According to researchers, if compensatory measures are not implemented, the disparity between poor and wealthy regions will increase dramatically
The predicted costs and benefits of climate change in India are unevenly distributed across areas, according to a study that argues for immediate policy instruments to compensate for this mismatch.
According to the researchers, India is taking the initial steps towards a climate transition, with volume targets for upscaling renewable energies, a minor turnaround in coal-fired power generation, and proposals for carbon pricing in the form of emissions trading.
“This huge country with its 29 federal states and seven union territories already has large regional wealth disparities,” said Jose Ordonez, who led the study as part of his doctoral thesis at the Mercator Research Institute on Global Commons and Climate Change (MCC) in Germany.
“We determine the scenario of an ambitious climate transition for the individual geographical units and examine the combined effect on income distribution, employment, and industrial competitiveness,” said Ordonez, currently working at the EU Commission’s Joint Research Centre in Spain.
The researchers said this yields an essential finding for the Central Government: without compensatory measures, the gap between poor and wealthy regions threatens to widen significantly.
The researchers utilised an input-output model fed with actual data to map the direct distributional consequences of policy actions in the journal Energy Policy.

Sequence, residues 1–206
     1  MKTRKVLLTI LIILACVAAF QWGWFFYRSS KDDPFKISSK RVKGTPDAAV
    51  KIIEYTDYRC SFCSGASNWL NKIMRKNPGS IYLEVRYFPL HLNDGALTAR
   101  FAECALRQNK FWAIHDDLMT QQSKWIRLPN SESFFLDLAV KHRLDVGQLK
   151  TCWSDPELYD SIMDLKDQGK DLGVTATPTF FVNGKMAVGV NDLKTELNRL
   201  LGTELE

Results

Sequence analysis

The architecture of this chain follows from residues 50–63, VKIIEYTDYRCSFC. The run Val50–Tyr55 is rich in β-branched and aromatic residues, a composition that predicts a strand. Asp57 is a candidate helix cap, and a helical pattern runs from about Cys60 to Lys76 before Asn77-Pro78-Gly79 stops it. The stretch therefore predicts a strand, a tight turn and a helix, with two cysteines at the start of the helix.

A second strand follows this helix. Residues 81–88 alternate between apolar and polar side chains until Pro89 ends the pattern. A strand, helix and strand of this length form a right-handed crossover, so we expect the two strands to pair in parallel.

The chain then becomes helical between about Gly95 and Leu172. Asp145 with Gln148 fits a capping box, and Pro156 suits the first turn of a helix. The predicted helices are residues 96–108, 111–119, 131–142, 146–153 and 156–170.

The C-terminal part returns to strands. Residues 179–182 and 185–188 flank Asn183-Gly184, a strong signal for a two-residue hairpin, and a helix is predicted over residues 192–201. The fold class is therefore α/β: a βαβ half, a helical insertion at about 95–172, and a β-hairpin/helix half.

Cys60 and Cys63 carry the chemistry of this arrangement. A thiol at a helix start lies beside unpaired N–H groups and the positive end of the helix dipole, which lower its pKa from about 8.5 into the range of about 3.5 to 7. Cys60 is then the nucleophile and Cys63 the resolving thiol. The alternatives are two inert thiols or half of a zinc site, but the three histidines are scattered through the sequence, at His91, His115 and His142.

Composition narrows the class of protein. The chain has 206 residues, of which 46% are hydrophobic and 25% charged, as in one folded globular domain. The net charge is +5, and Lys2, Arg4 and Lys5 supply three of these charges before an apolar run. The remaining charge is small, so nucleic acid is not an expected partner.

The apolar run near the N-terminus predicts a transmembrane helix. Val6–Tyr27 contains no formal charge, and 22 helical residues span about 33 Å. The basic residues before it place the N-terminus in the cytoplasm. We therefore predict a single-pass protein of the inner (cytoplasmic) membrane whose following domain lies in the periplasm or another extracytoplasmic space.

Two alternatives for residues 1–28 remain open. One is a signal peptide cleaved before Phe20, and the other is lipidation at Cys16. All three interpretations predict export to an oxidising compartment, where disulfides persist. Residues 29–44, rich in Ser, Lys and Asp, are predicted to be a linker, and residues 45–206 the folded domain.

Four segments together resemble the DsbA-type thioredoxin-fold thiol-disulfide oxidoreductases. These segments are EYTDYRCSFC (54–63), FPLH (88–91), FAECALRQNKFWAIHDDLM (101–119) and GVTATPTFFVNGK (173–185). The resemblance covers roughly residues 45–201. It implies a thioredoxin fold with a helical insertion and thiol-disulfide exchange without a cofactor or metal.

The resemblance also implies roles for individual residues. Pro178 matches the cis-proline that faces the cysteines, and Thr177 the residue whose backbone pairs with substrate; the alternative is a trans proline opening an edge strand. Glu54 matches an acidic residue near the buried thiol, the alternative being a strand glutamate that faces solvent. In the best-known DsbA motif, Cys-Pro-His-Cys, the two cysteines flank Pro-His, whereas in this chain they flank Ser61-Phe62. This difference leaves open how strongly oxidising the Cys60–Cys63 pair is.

The researchers anticipate a significant effort towards climate protection, including the complete phase-out of coal, massive expansion of solar and wind power generation, a national carbon price of $40 per tonne for private households and businesses, and the elimination of energy subsidies.
The total effect of this package on the separate regions, on a qualitative scale ranging from "very disadvantageous" to "very favourable," is critical, according to the researchers.
According to the report, the negative consequences are concentrated in already impoverished eastern Indian states that are significantly involved in coal mining, most notably Jharkhand, West Bengal, Odisha, and Bihar.
According to the experts, employment would be lost, the burden on poorer households would increase, and energy-intensive companies would have challenges in this region.
They claimed that an aggressive climate strategy would benefit the considerably more affluent states the most.
The model does not take into account the ability of negatively impacted private households and businesses to adjust to measures and so improve their condition.
The researchers did highlight, however, that past experience has shown that short-term consequences are critical for the enforceability of energy and climate policy initiatives. "From a political-economic perspective, our work provides an important starting point for the further development of climate transition in India," said Jan Steckel, director of the MCC working group Climate and Development and one of the co-authors.
“It helps us understand how winners and losers of climate policies are distributed in India. A strong regional concentration of short-term losers can lead to major problems in the political process of implementing climate protection. For example, this has already been shown in the struggle to phase out coal in Germany,” Steckel said.
The researchers underline that in order to be enforceable in the face of competing interest groups and overcome regional resistance, the climate transition must be supported by new social and industrial policies.
This can be accomplished, for example, by carbon pricing revenues, smart placement of fossil-free energy production, or compensation payments for coal phase-out, according to the authors.
The experts stated that it might also serve as a model for coal phase-out in exchange for financial assistance from Western industrialised countries, as South Africa, Indonesia, and Vietnam have done.